The ΛCDM (Λ [Greek sign for Lambda] Cold Dark Matter), is a model definition of the Big Bang cosmological theory. In the ΛCDM model definition, the universe is made of three major components. There is a cosmological constant, denoted by Λ (Lambda, a symbol associated with dark energy in physics), the energy density of space, or vacuum energy, from Einstein’s field equations of general relativity. The second component is the hypothesized cold dark matter (CDM). The third major component is ordinary matter. The ΛCDM is often referred to as the Standard Model of Big Bang cosmology because it is the simplest explanation that accounts for the following properties.
- It posits the existence of a Cosmic Microwave Background. The Cosmic Microwave Background is electromagnetic radiation that is a remnant from the early stage of the universe, known as relic radiation. It is the oldest electromagnetic radiation in the universe and is a faint filler of all space. It cannot be detected with a regular telescope. However, when looking through a sensitive radio telescope, the space between any celestial objects is not black, but filled with a faint, near isotropic glow, unassociated with any ordinary matter.
- It accounts for the accelerating expansion of the universe, which can be observed in the light of supernovae and distant galaxies.
- It gives a good account of the large scale structure in the distribution of galaxies.
- It accounts for the abundances hydrogen, helium, and lithium in the universe.
The ΛCDM assumes that Einstein’s general relativity is the correct theory of gravity on a cosmic scale. In this model, the total mass–energy in the universe contains 5% ordinary matter and energy, 27% dark matter, and 68% of a form of energy known as dark energy. Therefore, dark matter constitutes 85% of total universal mass, while dark energy plus dark matter constitute 95% of its total mass–energy content.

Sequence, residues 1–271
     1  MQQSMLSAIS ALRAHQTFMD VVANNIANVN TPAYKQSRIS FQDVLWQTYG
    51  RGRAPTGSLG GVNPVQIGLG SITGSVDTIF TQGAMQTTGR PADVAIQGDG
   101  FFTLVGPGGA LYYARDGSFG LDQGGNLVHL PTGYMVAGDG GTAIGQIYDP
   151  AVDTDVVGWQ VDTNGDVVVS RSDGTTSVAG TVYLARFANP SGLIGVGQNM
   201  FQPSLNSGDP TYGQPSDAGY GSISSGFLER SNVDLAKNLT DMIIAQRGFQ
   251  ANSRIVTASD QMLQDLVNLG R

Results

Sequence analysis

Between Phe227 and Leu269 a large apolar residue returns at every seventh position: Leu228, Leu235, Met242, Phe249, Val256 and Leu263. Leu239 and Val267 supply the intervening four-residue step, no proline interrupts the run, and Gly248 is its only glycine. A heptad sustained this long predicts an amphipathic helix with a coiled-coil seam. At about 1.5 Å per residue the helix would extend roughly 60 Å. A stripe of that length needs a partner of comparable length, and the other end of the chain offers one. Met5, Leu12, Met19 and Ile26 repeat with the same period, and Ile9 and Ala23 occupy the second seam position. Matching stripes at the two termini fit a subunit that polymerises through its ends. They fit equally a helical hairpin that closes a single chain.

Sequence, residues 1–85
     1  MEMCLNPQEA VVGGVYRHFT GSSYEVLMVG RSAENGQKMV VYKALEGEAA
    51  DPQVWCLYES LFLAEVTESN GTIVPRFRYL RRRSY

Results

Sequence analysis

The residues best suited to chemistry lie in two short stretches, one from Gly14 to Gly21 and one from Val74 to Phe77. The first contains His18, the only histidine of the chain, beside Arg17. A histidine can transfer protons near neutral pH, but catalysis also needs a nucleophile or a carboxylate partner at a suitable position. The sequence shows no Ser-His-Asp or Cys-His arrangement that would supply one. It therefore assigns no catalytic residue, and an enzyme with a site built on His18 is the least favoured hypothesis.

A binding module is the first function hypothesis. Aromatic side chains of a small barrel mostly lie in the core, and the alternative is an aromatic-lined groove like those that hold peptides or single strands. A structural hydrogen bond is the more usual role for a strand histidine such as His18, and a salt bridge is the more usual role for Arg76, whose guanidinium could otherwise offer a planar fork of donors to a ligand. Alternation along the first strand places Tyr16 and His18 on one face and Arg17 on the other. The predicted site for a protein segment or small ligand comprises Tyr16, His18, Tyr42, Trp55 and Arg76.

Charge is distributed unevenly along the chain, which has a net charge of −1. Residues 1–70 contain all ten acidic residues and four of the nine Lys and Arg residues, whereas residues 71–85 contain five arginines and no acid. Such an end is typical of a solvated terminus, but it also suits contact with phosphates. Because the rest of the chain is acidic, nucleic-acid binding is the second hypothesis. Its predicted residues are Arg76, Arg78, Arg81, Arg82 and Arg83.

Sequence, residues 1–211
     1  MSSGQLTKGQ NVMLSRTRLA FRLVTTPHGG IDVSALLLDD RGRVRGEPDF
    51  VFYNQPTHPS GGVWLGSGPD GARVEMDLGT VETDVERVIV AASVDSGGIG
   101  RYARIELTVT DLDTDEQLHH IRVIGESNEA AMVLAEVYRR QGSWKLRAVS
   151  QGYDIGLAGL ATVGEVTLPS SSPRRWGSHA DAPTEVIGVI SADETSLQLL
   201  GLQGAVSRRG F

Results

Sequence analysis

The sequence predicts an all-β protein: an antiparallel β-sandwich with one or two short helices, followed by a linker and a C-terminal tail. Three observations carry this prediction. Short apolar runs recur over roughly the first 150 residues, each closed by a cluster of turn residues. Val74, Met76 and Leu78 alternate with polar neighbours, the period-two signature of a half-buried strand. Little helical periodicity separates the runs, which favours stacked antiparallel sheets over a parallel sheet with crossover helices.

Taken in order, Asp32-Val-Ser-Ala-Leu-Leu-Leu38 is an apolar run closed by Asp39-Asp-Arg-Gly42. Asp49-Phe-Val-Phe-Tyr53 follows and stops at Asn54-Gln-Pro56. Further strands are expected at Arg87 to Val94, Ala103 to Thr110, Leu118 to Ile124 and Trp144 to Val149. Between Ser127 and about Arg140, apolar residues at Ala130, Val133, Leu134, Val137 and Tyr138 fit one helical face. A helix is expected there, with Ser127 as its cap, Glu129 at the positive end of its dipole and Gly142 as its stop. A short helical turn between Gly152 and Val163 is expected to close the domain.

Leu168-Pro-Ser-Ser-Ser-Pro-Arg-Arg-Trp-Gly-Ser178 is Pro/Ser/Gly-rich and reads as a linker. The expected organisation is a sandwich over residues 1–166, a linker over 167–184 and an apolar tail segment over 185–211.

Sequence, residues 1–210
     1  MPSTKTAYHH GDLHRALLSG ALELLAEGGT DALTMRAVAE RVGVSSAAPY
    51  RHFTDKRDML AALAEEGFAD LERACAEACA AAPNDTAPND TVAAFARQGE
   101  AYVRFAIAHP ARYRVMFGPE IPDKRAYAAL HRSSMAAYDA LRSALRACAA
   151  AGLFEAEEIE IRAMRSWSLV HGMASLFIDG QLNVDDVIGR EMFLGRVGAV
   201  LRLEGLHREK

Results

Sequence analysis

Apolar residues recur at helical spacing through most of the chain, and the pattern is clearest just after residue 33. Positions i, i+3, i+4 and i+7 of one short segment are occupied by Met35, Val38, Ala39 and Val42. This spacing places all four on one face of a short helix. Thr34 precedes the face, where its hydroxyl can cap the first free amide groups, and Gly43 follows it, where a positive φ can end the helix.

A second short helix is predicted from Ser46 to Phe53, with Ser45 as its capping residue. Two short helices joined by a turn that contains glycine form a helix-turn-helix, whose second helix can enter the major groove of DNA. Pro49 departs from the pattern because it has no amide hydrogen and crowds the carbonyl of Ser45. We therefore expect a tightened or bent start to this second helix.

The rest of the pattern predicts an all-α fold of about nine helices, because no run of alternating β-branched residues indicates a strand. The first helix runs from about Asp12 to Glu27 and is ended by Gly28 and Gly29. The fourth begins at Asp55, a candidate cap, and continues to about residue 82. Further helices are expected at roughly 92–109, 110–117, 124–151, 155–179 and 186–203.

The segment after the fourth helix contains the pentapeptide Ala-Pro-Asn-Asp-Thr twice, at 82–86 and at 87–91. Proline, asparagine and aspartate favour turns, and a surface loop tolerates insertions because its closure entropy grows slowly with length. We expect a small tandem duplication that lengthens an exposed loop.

Dark matter is thought to be completely uniform across space. Though dark matter has never been observed, it is thought to just barely interact with ordinary matter and only through gravity and weak force, therefore it is collisionless. It may be composed of yet undiscovered subatomic particles. Dark matter can be classified according to its velocity as cold, warm, and hot. Cold dark matter moves slowly compared to the speed of light. It is referred to as cold because of its weak interaction with ordinary matter and electromagnetic radiation. It is hypothesized that ordinary matter, observable cosmological structures, emerge in this way through a gradual accumulation of particles.